All rights reserved. No part of this excerpt may be reproduced or reprinted without permission in writing from the publisher.
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Meet the Author
Sharan Newman won Romantic Times magazine's Career Achievement Award for Historical Mystery in 1999. She lives in Oregon.
Sharan Newman is a medieval historian and author. She took her Master’s degree in Medieval Literature at Michigan State University and then did her doctoral work at the University of California at Santa Barbara in Medieval Studies, specializing in twelfth-century France. She is a member of the Medieval Academy and the Medieval Association of the Pacific.
Rather than teach, Newman chose to use her education to write novels set in the Middle Ages, including three Arthurian fantasies and ten mysteries set in twelfth-century France, featuring Catherine LeVendeur, a one-time student of Heloise at the Paraclete; her husband, Edgar, an Anglo-Scot; and Solomon, a Jewish merchant of Paris. The books focus on the life of the bourgeoisie and minor nobility and also the uneasy relations between Christians and Jews at that time. They also incorporate events of the twelfth-century such as the Second Crusade and the rise of the Cathars.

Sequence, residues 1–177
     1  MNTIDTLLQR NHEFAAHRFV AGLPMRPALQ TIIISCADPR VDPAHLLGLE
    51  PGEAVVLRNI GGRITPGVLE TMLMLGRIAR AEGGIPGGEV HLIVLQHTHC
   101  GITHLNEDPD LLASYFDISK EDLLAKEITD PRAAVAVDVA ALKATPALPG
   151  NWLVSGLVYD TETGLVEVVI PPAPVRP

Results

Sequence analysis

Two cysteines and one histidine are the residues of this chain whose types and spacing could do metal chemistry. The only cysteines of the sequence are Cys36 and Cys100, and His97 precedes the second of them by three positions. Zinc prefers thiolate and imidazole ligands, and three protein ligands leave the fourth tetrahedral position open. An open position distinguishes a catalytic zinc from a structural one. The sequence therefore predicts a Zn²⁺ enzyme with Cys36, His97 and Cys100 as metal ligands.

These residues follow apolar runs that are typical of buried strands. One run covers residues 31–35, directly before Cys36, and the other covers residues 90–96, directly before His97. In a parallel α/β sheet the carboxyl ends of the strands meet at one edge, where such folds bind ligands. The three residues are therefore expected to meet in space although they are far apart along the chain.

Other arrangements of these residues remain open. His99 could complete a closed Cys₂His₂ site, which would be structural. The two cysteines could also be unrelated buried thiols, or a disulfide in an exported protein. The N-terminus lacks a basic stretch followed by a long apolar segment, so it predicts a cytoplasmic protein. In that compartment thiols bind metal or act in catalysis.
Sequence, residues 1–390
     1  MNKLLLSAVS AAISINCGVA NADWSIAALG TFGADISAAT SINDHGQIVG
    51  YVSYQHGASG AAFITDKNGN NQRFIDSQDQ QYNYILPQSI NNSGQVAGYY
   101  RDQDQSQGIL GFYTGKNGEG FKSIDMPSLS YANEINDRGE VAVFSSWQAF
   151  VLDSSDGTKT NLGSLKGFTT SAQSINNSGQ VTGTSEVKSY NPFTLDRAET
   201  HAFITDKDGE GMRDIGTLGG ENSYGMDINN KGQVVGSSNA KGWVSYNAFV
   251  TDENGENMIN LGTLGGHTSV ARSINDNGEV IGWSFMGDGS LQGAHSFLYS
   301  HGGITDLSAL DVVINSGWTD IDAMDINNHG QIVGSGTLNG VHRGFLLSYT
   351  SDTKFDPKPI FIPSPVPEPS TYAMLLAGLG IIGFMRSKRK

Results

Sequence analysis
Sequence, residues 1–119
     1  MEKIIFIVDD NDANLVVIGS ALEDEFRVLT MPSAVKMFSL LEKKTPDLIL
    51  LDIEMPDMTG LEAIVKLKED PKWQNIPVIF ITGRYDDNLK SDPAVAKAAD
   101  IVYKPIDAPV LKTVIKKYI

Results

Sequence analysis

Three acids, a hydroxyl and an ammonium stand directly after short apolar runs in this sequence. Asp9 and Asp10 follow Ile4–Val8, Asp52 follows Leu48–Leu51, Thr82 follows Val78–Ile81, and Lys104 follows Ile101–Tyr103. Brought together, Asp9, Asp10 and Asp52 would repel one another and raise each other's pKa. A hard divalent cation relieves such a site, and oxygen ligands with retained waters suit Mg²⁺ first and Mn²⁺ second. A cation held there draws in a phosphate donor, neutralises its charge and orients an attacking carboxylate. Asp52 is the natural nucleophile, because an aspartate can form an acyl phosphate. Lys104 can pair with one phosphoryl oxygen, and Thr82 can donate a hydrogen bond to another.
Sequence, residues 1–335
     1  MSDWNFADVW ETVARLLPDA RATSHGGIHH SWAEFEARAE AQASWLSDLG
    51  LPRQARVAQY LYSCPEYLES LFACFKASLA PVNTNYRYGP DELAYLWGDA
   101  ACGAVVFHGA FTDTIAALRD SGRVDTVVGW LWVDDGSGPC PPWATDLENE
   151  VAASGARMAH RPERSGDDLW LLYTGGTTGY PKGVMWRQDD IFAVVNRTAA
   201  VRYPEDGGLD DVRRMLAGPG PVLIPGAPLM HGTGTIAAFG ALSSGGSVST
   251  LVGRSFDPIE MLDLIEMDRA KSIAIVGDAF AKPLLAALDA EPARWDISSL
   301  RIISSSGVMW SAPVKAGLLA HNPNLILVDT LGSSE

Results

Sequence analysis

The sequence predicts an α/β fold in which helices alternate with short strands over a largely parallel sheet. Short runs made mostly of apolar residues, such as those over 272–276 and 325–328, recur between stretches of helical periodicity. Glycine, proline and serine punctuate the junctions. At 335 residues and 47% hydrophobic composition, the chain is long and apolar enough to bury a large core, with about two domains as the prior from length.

The Catherine Levendeur mysteries have been nominated for many awards. Sharan won the Macavity Award for best first mystery for Death Comes As Epiphany and the Herodotus Award for best historical mystery of 1998 for Cursed in the Blood. The most recent book in the series The Witch in the Well won the Bruce Alexander award for best Historical mystery of 2004.
Just for a change, her next mystery, The Shanghai Tunnel, is set in Portland in 1868.
Newman has also written non-fiction books, including The Real History Behind the Da Vince Code (Berkley 2005) and the upcoming Real History Behind the Templars.
Newman lives on a mountainside in Oregon.